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Salamander Regeneration

Mexican axolotl salamander regeneration research.

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December 2008 Editor's Note
Reptiles Magazine 0504

A group of researchers associated with the University of Florida McKnight Brain Institute’s Regeneration Project has begun creating genomic tools necessary to compare the regenerative capacity of the Mexican axolotl salamander with established mouse models of human disease and injury.

The project is underway thanks to a $2.4 million grant from the National Institutes of Health Grand Opportunity.


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The researchers hope to find ways to tap unused human capacities to treat spinal cord injury, stroke, traumatic brain injury and other neural conditions, according to Edward Scott, Ph.D., principal investigator for the grant and director of the McKnight Brain Institute’s Program in Stem Cell Biology and Regenerative Medicine.

“The axolotl is the champion of vertebrate regeneration, with the ability to replace whole limbs and even parts of its central nervous system,” Dr. Scott said. “These salamanders use many of the same body systems and genes that we do, but they have superior ability to regenerate after major injuries. We think that studying them will tell us a lot about a patient’s natural regenerative capacities after spinal cord injury and nerve cell damage.”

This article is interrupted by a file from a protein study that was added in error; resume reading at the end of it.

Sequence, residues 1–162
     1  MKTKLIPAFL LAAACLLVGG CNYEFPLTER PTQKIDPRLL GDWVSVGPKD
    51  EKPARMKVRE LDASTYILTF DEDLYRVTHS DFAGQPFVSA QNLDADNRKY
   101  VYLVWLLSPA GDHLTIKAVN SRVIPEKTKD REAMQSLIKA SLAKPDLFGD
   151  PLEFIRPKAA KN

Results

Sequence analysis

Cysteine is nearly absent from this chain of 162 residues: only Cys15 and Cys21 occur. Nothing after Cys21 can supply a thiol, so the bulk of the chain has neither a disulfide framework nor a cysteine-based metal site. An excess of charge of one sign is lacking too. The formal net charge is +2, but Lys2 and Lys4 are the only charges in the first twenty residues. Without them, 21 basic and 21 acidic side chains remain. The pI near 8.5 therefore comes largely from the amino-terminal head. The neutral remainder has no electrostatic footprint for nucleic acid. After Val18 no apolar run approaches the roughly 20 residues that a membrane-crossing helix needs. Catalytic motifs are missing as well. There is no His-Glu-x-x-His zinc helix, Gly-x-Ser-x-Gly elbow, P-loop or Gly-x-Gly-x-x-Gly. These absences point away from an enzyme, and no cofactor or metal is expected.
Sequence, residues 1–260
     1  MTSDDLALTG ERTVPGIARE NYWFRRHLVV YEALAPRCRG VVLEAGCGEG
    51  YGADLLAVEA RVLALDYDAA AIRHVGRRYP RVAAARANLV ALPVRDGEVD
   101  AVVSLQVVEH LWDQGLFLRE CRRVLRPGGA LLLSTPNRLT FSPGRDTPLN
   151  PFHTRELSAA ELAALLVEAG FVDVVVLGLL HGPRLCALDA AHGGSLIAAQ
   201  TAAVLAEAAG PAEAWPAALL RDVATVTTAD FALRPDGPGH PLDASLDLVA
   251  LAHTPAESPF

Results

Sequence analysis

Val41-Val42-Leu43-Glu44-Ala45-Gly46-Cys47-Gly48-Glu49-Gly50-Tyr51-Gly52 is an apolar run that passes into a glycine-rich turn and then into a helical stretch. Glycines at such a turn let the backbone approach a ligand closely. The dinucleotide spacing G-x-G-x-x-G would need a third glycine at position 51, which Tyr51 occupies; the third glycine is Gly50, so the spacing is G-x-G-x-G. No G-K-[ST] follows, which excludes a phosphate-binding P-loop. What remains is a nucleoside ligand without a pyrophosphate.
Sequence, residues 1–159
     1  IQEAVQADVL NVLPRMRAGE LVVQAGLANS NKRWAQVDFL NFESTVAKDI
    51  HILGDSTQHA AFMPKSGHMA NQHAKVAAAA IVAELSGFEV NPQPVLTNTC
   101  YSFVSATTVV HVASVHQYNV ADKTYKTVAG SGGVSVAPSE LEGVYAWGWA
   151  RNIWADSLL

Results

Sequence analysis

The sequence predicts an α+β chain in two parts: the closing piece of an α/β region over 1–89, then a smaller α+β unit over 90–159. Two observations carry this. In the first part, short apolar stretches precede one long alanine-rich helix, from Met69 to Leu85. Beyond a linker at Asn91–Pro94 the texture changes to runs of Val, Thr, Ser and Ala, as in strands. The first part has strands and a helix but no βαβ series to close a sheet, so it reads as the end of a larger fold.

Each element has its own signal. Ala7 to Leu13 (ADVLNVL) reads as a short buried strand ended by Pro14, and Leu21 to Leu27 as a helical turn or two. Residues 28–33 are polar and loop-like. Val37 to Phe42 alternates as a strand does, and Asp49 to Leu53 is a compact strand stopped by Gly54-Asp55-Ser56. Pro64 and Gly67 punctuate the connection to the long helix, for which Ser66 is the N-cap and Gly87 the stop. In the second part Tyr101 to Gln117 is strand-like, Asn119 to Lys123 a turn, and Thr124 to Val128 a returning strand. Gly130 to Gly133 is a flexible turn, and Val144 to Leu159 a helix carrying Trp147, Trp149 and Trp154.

Grand Opportunity grants are funded through the American Recovery and Reinvestment Act and are intended to support research with high short-term impact and a high likelihood of enabling growth and investment in biomedical research and health care delivery.

The Regeneration Project is also supported by private foundations such as the Thomas H. Maren Foundation and the Jon L. and Beverly A. Thompson Research Endowment, the U.F. Office of the Vice President for Research and an anonymous donor, according to Dennis Steindler, Ph.D., executive director of U.F.’s McKnight Brain Institute and a co-investigator on the grant.